Vaginal Candida infection in pregnancy and its implications for fetal well-being

Adewale O Sule-Odu, Adebayo A Akadri, Adedayo A Oluwole, Olubunmi A Osinupebi, Babatunde A Andu, Adeniyi K Akiseku, Akinlade I Lawal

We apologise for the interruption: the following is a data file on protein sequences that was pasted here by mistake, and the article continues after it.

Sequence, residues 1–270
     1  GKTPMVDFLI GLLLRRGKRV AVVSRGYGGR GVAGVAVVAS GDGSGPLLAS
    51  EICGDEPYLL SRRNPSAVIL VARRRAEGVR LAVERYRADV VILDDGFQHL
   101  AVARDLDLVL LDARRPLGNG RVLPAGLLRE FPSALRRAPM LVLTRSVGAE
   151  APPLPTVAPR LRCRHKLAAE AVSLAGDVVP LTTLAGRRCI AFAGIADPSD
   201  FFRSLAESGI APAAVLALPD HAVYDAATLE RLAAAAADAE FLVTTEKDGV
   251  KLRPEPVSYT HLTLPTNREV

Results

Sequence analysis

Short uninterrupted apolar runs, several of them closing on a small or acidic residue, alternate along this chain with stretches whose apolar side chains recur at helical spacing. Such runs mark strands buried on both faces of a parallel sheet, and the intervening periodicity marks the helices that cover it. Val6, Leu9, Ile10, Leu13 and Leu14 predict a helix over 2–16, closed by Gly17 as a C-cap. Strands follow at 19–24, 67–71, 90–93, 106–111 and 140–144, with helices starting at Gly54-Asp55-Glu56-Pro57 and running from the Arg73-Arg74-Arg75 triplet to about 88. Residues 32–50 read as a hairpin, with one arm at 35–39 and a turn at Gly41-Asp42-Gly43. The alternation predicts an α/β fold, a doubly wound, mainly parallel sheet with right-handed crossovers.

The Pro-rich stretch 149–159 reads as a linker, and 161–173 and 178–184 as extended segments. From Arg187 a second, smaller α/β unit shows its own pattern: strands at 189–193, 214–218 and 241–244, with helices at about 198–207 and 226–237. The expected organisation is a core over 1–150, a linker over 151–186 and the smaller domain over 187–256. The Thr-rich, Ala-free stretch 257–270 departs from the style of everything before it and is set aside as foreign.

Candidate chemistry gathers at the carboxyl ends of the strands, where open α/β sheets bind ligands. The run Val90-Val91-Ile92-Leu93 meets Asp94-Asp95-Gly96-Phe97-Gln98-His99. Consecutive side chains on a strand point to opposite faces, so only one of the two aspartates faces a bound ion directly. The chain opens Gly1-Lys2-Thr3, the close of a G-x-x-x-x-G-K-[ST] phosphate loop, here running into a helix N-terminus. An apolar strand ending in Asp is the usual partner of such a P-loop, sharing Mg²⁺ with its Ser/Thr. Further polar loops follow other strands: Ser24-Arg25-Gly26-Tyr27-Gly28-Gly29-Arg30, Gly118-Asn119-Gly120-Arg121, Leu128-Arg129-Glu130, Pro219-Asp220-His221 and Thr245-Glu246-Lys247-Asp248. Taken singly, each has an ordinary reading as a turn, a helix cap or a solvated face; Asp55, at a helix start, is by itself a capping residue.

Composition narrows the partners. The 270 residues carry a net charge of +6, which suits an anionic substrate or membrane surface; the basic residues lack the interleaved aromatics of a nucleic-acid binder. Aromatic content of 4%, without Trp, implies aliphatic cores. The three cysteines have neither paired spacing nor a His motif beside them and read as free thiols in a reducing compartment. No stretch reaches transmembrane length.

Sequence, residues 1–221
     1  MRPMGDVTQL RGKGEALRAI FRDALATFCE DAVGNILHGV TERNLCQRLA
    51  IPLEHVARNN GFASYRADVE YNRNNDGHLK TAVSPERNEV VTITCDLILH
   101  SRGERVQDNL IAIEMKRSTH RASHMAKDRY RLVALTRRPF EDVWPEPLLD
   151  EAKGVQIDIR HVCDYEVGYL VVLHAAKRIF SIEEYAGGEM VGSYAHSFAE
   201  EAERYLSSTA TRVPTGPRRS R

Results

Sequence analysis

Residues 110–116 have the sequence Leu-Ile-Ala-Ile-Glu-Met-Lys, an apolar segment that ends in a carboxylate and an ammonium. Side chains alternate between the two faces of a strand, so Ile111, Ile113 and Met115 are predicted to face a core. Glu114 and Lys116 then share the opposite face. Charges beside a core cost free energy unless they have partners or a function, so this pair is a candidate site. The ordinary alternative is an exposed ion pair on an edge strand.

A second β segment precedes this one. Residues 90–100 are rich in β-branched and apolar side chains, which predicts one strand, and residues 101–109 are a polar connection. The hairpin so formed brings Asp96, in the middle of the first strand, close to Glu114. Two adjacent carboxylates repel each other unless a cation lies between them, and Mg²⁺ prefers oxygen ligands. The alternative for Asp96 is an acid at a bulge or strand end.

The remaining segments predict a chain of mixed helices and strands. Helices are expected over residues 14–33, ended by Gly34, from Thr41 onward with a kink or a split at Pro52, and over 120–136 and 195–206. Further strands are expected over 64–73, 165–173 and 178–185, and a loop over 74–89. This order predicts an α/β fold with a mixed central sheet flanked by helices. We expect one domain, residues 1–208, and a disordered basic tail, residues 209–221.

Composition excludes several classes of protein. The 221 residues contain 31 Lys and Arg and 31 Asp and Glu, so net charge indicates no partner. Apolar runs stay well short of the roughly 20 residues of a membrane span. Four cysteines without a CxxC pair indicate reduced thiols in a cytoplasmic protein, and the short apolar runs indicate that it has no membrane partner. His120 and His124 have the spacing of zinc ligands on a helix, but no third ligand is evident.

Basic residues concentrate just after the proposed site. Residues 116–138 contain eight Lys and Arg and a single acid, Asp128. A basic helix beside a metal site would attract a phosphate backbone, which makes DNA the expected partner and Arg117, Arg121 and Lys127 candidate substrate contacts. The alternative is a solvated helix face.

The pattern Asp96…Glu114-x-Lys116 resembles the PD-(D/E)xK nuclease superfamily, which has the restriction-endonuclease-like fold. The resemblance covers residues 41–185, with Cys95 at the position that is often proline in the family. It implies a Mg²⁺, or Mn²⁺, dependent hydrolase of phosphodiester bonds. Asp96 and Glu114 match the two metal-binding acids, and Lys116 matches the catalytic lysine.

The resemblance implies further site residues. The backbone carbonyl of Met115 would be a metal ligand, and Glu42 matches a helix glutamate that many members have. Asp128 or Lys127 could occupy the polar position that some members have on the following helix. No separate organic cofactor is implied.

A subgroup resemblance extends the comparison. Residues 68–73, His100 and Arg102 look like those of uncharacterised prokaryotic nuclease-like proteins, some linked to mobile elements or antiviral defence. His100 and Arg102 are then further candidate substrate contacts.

Vaginal Candida infection is one of the most common genital tract infections reported in pregnant women. This study was designed to determine the prevalence of vaginal Candida infection and pattern of Candida species isolates in the genital tract of pregnant women during antenatal period and in early labour; and the associated fetal outcome. The study was conducted at the antenatal clinic and labor ward of Olabisi Onabanjo University Teaching Hospital Sagamu, Ogun State, Nigeria. High vaginal swabs were collected from 408 pregnant women at the antenatal clinic and repeated in early labour. The samples were processed to isolate Candida species. Data were analysed using Statistical Package for Social Science (SPSS) windows version 21.0 (IBM Corp., Armonk, NY, USA). Prevalence of Candida infection was significantly higher in early labour (46%) than during antenatal period (38%) (P=0.02). Candida albicans was the predominant isolate, followed by Candida glabrata and Candida tropicalis. Candida infection was associated with increased likelihood of low birth weight babies (AOR 2.8, CI: 1.1-6.8; P= 0.03). However there was no statistically significant effect of Candida infection on the likelihood of preterm delivery (AOR 1.4, CI: 0.7-2.6; P= 0.35). Routine screening and prompt treatment of women at risk of delivering low birth weight babies is advocated. (Afr J Reprod Health 2020; 24[3]: 33-40).

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